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5 June 1883 – 21 April 1946

John Maynard Keynes, 1st Baron Keynes, was born on 5 June 1883, in the city of Cambridge, England. He was a highly influential economist, whose ideas have fundamentally affected the theory and practice of modern macroeconomics, and informed the practical economic policies of many governments.  His ideas are the basis for the school of thought known as Keynesian economics, particularly prevalent in the 1950s and 1960s, as well as witnessing a resurgence in response to the 2007-08 economic crisis.

Keynes spent his early education at Eton College, before enrolling at Kings College, Cambridge, in 1902. He was an active member of the Cambridge Apostles; a debating club largely reserved for the brightest students, and was also president of the Cambridge Union Society and Cambridge University Liberal Club. Keynes graduated in 1904 with a first class degree in mathematics. The economist Harry Johnson has postulated that the optimism evidenced in Keynes early life is crucial to understanding his later thought.  Keynes was always confident he could find a solution to whatever problem he turned his attention to, and retained a lasting faith in the ability of government officials to do good. On leaving university, Keynes worked as a Clerk in the India Office, before returning to academia in order to work on probability theory. In 1909 he accepted a lectureship in economics at Cambridge, and two years later was made editor of The Economic Journal. By 1913, at the age of thirty, Keynes had published his first book, Indian Currency and Finance, the success of which led to his appointment on the Royal Commission on Indian Currency and Finance. During World War One, Keynes served in the Treasury, designing terms of credit between Britain and the continental allies. He was honoured in the King’s 1917 birthday honours for this work, and due to his growing reputation, was appointed financial representative for the Treasury to the 1919 Versailles peace conference.  Although important, the experience was not a successful one for Keynes; his main interest was in preventing Germany’s compensation payments being set so high that they would traumatise the German population, the economy and thus the wider world. Unfortunately, as the historical record shows, Keynes was fruitless in pursuing this policy. His analysis on the predicted damaging effects of the treaty appeared in The Economic Consequences of the Peace (1919), a book which has been described as his seminal work, combining Keynes’s passion and consideration with a formidable dose of economic foresight. In 1922 Keynes continued to advocate reduction of German reparations with A Revision of the Treaty. He attacked the post-World War One deflation policies with A Tract on Monetary Reform in 1923; a trenchant argument that countries should target stability of domestic prices, avoiding deflation even at the cost of allowing their currency to depreciate. Keynes’s major economic contributions came in the 1930s however. He spearheaded a revolution in economic thinking, overturning the older ideas of neoclassical economics that held that free markets would, in the short to medium term, automatically provide full employment. Keynes instead argued that cumulative demand determined the overall level of economic activity, and that inadequate demand could lead to prolonged periods of high unemployment. According to Keynesian economics, state intervention was necessary to moderate ‘boom and bust’ cycles of economic activity.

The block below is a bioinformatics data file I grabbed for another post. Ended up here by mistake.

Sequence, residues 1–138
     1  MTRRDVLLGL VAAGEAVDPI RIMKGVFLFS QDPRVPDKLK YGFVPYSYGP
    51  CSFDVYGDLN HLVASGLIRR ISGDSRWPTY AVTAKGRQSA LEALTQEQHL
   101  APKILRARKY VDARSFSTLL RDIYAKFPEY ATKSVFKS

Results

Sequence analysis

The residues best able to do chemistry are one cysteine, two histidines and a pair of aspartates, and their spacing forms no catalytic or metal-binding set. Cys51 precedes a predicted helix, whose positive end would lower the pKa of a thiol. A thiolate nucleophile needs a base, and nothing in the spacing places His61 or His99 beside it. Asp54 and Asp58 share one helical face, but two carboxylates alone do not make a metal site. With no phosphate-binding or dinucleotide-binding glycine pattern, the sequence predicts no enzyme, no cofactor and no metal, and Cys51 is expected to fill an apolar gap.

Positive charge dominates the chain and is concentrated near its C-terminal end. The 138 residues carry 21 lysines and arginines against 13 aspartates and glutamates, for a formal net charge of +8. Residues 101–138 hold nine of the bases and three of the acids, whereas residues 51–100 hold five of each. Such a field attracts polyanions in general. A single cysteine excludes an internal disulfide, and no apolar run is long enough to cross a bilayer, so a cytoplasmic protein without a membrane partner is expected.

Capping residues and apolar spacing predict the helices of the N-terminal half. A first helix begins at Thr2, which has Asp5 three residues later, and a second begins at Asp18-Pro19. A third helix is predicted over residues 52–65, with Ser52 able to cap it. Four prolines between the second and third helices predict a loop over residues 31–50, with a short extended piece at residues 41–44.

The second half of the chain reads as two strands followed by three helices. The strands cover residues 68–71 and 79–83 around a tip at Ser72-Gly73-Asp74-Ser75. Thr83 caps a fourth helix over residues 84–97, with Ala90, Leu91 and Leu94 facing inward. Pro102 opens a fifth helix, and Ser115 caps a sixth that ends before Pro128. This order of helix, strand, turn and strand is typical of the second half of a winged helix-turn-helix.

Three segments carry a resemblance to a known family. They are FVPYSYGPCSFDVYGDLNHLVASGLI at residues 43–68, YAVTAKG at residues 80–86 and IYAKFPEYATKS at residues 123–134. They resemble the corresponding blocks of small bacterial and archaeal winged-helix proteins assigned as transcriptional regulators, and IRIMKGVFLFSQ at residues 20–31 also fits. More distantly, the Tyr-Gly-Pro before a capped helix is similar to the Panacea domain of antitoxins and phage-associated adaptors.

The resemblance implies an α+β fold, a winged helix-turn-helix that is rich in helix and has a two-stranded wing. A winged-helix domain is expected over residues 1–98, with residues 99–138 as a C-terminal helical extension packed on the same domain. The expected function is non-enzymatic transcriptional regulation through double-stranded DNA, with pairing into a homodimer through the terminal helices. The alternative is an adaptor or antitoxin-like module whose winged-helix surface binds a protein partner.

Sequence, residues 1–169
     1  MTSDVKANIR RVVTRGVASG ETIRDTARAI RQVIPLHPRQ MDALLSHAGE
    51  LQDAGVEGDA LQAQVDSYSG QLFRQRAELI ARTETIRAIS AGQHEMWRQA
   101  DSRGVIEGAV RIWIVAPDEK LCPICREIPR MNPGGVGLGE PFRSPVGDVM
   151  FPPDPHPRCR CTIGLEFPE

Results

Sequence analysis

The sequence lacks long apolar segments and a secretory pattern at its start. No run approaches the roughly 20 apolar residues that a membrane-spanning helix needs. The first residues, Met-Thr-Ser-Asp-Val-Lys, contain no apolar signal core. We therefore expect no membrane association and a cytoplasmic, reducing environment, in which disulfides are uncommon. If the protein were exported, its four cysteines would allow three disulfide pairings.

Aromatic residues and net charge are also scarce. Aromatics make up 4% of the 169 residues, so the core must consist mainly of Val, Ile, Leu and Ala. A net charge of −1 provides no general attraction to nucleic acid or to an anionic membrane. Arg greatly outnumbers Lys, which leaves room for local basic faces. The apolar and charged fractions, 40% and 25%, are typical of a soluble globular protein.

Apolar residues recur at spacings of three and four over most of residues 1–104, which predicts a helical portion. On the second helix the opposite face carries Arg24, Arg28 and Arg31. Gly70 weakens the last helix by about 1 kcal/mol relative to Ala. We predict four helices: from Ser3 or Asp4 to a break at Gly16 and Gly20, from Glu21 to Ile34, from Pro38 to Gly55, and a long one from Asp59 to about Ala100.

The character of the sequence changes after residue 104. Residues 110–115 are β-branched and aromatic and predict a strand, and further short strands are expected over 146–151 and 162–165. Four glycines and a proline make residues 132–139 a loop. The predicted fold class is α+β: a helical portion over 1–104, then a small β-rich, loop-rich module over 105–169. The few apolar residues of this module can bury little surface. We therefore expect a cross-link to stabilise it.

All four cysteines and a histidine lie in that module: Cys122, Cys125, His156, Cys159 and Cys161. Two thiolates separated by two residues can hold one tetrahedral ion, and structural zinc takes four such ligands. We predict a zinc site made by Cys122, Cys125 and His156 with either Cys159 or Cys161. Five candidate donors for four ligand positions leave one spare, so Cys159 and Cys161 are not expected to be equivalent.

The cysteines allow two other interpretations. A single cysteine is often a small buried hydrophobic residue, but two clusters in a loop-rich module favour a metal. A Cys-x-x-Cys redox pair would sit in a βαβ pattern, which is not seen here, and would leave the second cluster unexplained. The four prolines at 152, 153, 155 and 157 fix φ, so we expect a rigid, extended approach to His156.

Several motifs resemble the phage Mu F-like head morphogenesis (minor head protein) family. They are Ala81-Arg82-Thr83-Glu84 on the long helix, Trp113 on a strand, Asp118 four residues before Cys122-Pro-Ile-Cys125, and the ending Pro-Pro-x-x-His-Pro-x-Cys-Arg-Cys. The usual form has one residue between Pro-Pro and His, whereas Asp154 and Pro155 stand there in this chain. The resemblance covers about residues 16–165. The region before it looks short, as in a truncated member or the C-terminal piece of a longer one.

Aside from this intellectual work, Keynes also possessed a relatively turbulent personal life. Although attitudes towards homosexuality were comparatively relaxed in the Bloomsbury Group with whom he mixed, early twentieth century Britain still frowned upon gay relationships. Keynes had several romantic relationships with men, most notably with Duncan Grant – the painter, potter and textile designer whom he met in 1908. Political opponents have deviously utilised Keynes' sexuality to attack his academic work, one prominent line of attack holding that he was uninterested in the long term ramifications of his theories because he had no children. In 1921, Keynes embarked on a relationship with the ballerina Lydia Lopokova, also maintaining an affair with a younger man, Sebastian Sprott during the early years of the courtship. Keynes married Lopokova in 1925 however, and they enjoyed a very happy union. His biographer, Peter Clarke, wrote that the marriage gave Keynes ‘a new focus, a new emotional stability and a sheer delight of which he never wearied.’

Keynes was influential in economic policy throughout the Second World War, and argued in How to Pay for the War (1940) that the war effort should be largely financed by higher taxation and especially by compulsory saving, rather than deficit spending, in order to avoid inflation. After the war, despite his failing health, he continued to represent the UK in international monetary negotiations, and succeeded in obtaining preferential terms from the US for new and outstanding debts to facilitate the rebuilding of the British economy. Keynes died on 21 April 1946, at the age of sixty two, in Tilton, East Sussex. He has been named by Time magazine as one of the 100 most important and influential people of the twentieth century, and is famed worldwide for providing the theoretical underpinnings of many capitalist economies.